9 Common Misconceptions about Sustainable Fashion
1. Quitting fast fashion will take away jobs in developing countries.
A common defense of fast fashion is that it provides jobs to garment workers. This is a common argument people also make when it comes to veganism and vegetarianism. If everyone stops eating meat, they wonder what will happen to all the cows and chickens.
I think some people mean well when they make this defense, but it’s just logically unsound and has undertones of saviorism. If everyone quit fast fashion at the same time, sure, it would be an economic disaster. But that’s a totally unrealistic scenario. It takes time to transform an industry and to change people’s hearts and minds.
Also, the jobs provided are usually hazardous and low-paying. An example of this is the 2013 Rana Plaza disaster, where a factory building in Bangladesh collapsed and killed over 1100 workers, and injured thousands more. You can learn more about the human impact of the fashion industry in the documentary The True Cost, which is free to watch (with ads) on Tubi. The 2020 pandemic also led to many brands canceling orders from factories, leaving garment workers without pay. There was a movement for brands to #PayUp, but several still haven’t paid (I see you Forever 21, Primark, Urban Outfitters, Free People, and Anthropologie).
It’s clear that the fast fashion industry pays no regard to human life—these are not the kinds of jobs we should be defending. Some may say that this is the best job garment workers can get in their countries, but why not try to improve these conditions, rather than just accepting them? If we could get ethical fashion to overtake fast fashion, garment workers could have actually humane working conditions and a living wage.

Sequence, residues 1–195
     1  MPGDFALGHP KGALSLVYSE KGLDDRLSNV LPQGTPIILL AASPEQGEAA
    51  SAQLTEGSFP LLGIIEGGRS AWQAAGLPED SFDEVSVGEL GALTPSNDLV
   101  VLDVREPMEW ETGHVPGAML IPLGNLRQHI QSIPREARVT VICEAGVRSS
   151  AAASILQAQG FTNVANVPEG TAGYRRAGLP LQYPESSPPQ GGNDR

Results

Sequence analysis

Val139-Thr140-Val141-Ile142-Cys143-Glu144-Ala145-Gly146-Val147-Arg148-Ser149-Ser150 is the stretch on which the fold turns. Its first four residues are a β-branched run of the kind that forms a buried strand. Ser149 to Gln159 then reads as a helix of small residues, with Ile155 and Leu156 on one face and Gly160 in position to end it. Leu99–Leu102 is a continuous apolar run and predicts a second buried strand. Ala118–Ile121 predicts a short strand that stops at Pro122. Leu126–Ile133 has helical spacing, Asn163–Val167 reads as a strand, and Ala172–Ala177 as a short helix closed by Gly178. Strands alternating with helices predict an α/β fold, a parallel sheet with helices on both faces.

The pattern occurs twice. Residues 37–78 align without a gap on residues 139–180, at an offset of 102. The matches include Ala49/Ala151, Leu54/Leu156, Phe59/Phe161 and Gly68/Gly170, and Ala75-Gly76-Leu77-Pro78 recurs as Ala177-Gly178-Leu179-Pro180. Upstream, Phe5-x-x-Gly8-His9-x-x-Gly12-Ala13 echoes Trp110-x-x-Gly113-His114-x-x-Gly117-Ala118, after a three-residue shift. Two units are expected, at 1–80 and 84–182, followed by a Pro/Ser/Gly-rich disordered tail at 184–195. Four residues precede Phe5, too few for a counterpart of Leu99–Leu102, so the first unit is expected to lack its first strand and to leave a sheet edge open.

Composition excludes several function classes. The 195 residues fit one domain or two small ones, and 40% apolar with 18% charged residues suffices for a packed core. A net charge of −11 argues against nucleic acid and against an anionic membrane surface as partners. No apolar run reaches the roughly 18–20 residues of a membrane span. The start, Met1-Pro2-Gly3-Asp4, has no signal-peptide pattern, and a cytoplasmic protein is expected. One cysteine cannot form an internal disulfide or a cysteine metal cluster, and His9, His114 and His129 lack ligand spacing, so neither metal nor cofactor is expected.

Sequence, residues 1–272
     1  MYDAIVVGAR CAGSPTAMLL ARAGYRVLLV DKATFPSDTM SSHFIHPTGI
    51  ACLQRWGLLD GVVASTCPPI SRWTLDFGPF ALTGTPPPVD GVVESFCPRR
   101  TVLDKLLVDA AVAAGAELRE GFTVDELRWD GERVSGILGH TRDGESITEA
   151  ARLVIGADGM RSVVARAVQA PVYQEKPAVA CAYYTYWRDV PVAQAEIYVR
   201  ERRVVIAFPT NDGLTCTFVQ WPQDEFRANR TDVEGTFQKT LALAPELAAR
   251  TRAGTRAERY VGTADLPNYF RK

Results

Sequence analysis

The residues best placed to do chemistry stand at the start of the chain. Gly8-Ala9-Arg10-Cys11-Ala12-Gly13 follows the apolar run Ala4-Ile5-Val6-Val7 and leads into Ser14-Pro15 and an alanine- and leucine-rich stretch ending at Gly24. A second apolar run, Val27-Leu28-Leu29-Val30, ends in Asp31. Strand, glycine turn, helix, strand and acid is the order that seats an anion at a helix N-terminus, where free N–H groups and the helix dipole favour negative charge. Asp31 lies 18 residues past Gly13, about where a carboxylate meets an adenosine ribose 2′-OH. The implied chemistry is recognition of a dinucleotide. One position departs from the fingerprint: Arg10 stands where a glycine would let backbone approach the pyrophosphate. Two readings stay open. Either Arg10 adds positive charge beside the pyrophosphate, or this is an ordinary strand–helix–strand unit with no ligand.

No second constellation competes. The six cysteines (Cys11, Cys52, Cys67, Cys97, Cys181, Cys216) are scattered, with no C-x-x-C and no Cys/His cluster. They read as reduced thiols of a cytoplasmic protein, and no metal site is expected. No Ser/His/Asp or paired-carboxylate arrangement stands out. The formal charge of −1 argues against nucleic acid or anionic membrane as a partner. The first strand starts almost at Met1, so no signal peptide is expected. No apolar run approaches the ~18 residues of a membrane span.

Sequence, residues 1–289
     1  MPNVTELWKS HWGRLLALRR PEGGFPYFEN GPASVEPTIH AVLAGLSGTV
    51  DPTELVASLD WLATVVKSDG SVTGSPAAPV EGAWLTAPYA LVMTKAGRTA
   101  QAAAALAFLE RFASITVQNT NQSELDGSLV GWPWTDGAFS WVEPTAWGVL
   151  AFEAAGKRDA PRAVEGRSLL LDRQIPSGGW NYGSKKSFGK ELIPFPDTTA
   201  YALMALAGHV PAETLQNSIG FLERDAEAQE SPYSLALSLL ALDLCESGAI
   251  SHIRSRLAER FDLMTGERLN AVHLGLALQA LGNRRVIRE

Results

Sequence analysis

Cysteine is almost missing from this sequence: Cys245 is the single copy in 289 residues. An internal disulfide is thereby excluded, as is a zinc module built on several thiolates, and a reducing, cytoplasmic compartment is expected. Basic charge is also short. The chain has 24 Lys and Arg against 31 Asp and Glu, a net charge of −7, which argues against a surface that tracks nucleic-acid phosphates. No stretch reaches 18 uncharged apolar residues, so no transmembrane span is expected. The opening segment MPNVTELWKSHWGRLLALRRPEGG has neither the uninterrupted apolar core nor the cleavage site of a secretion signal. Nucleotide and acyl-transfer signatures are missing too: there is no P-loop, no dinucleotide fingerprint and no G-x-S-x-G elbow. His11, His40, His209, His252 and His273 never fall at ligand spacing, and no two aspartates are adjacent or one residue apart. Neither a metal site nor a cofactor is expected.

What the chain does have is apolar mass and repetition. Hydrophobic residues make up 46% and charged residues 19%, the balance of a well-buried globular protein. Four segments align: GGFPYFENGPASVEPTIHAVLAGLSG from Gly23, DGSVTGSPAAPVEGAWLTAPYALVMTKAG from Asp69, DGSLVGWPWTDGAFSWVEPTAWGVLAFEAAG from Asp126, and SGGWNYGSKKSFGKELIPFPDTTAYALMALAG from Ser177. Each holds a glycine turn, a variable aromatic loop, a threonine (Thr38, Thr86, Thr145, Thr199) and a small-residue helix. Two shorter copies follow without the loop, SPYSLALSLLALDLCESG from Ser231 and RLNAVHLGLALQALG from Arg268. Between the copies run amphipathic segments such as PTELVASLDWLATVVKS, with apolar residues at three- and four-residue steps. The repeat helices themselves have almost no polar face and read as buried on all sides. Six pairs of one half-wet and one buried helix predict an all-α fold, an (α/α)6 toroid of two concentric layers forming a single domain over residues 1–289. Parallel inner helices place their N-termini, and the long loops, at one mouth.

2. You have to get rid of your fast fashion when transitioning to a sustainable wardrobe.
This is totally counterintuitive. If you like certain fast fashion pieces and wear them regularly, keep them.
Sustainable fashion isn’t really about what brands are in your wardrobe. It’s more about your mindset and habits. It’s more sustainable to keep your old fast fashion and wear it, than to get rid of it and buy new clothes from sustainable brands. I personally still regularly wear a couple old fast fashion pieces.
That said, if you don’t really wear the clothes anymore (i.e. you haven’t worn it in the last 6 months), then you should consider getting rid of them responsibly, which we’ll talk about later.
Wearing an old fast fashion top, shorts from a consignment shop in France, and shoes from the dumpster
3. Fast fashion can’t be sustainable.
This one might have you scratching your head. How can fast fashion possibly be sustainable?!
I mentioned earlier that there are 4 main ways to approach sustainable fashion, one of them being the reason for purchase/the lifespan of the clothing. While the production of fast fashion may not be sustainable, you can try to make your fast fashion pieces last a long time, and buy only what you’ll regularly wear. If your clothing breaks, consider mending it, using it as cleaning rags, or finding a clothing recycling program.
This doesn’t address the labor issues of fast fashion, but it does address the other main problem—the general waste the industry produces. Fast fashion encourages us to buy cheap, trendy pieces that are made to only last a season. After that, the clothing might break, or go out of style, and it often sits unworn at the bottom of the closet—which is a waste of resources.